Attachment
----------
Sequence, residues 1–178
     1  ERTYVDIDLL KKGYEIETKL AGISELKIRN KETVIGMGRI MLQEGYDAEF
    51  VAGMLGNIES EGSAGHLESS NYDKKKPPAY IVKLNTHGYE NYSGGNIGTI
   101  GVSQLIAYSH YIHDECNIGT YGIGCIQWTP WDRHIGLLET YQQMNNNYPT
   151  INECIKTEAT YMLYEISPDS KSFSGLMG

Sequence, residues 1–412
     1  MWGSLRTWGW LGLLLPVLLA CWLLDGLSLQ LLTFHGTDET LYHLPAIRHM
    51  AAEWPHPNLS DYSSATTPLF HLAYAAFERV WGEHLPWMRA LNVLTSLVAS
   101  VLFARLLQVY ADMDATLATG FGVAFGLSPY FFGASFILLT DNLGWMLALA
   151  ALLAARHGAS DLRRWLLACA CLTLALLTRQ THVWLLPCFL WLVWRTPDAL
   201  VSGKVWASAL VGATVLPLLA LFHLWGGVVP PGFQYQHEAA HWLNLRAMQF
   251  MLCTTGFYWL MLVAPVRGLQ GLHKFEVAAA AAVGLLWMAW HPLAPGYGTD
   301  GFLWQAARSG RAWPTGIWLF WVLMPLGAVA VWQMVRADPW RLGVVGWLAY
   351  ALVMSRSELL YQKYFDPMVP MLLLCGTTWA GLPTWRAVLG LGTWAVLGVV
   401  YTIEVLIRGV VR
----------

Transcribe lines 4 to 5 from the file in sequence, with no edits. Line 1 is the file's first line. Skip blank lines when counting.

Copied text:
   101  GVSQLIAYSH YIHDECNIGT YGIGCIQWTP WDRHIGLLET YQQMNNNYPT
   151  INECIKTEAT YMLYEISPDS KSFSGLMG